The situation in Iran is nothing like the situation in the West that gave rights to both men and women.

The Iranian Shah was a tyrant but he allowed urban educated women many of the priviledges of women in the West using the liberation of women as a way of shaming a deeply traditional conservative male dominated society. In reality the Shah was no more liberal than the Saudis but by appearing to be a reformer he was idolised in the West and his brutal excesses passed beneath the radar. Meanwhile the conservatism that survived in the rural regions where the urban modernisation never reached was considered "freedom." Many female followers of the Ayatollahs who wore the black traditional dress did so to liberate themselves from the Shah's oppression.

When the Ayatollah led the revolution to triumph over the Shah, he was supported by the secularists, the communists, the socialists and the democrats who dreamed that when the Shah was deposed the air would be clear.
Instead Iran reverted to medievalism, forcing women to wear black and jailing and executing "counterrevolutionaries" among the liberal education classes who rejected the Ayatollah's austere Islamic doctrines.

The plight of women in Iran tugs at the heart strings of men in the West who have fully embraced the liberation of women - women are prominent like never before in politics, business, law, the arts and sciences.

Women are the equal of men intellectually but they are not the equal of men in the use of brute force, savagery and ruthless brutality.

It is women in the West who can liberate their sisters in Iran and this can only be done when they call on the male brute savagery of Western armies is threatened to smash the male hierarchial society of Iran.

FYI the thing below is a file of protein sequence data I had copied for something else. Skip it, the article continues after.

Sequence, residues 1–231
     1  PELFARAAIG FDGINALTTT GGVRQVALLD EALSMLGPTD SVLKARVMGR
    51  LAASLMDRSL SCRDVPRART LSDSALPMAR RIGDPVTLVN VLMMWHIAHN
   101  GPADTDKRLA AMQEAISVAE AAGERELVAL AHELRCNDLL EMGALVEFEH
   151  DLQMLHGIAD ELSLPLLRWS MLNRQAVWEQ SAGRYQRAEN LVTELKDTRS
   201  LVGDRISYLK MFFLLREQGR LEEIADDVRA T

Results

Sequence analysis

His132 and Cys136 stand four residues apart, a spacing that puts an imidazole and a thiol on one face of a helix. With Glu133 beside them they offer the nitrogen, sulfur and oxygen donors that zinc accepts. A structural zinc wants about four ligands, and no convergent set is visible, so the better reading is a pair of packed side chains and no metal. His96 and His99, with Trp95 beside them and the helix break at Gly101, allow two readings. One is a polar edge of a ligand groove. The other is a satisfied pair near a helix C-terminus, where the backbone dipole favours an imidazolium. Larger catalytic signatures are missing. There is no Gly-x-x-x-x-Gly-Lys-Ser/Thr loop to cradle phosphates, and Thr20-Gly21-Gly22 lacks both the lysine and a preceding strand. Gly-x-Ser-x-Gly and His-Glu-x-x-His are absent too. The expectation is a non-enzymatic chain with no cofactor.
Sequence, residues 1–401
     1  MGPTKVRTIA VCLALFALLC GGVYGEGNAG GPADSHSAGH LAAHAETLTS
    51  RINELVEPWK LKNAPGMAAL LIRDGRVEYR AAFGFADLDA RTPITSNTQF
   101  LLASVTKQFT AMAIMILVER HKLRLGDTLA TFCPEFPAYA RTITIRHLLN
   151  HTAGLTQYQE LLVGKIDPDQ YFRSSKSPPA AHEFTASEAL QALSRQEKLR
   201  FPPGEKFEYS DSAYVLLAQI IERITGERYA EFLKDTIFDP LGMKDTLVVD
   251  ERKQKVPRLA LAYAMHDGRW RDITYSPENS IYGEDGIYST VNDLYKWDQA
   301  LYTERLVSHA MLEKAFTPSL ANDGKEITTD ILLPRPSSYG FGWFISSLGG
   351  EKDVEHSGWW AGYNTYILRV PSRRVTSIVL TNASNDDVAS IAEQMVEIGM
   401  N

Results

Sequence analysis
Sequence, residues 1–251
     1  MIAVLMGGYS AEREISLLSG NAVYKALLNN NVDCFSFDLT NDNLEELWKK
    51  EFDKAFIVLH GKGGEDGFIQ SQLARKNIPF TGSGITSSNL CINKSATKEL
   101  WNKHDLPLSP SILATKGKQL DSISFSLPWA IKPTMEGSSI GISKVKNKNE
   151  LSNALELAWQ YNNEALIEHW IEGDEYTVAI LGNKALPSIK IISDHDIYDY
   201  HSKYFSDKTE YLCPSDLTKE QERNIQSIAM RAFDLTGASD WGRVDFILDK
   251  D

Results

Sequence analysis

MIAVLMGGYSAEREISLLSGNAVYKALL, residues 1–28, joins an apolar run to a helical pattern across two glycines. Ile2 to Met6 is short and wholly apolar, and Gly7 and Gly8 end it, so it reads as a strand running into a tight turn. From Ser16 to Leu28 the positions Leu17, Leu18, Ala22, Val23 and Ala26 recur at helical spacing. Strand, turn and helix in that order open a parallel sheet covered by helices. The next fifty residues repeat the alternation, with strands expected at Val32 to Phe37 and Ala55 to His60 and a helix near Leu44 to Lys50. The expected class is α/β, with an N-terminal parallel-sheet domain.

The only thing a wife beater and a cowardly brute understands is brute force and this is how Iran's mullahs and women haters can be defeated.

author by maverick - the rock that doesn't rollpublication date Mon Feb 16, 2009 20:53author address author phone Report this post to the editors

Jim says:

How can women change things in Iran without getting the help of women in the West who enjoy rights and freedoms that they are denied.

maverick replies:

most of the women in the west couldn't give a toss about women in Iran.....but i am sure that many of the women in Iran are well capable of standing up for themselves, even if not in the way that we might think "brave".

however below is an example of one Turkish man who has some interesting comments. he poses the question:

are headscarves culture or law?

he states:

"....cultural expressions are not codified and legalized practices. They are merely present, followed by some, ignored by the rest. The hijab was made compulsary at a certain point in history, thus it isn't necessarily a natural Iranian way of life."

http://www.denizenscorner.com/2008/05/of-headscarves-an....html

in closing, as a Westerner, i fail to understand why raped women are flogged in Muslim countries.
can any of the non-Irish readers of INDYMEDIA educate me on this one?

.....and we won't even talk about Iran banning red roses at Valentines!

Related Link: http://www.indymedia.ie/article/91132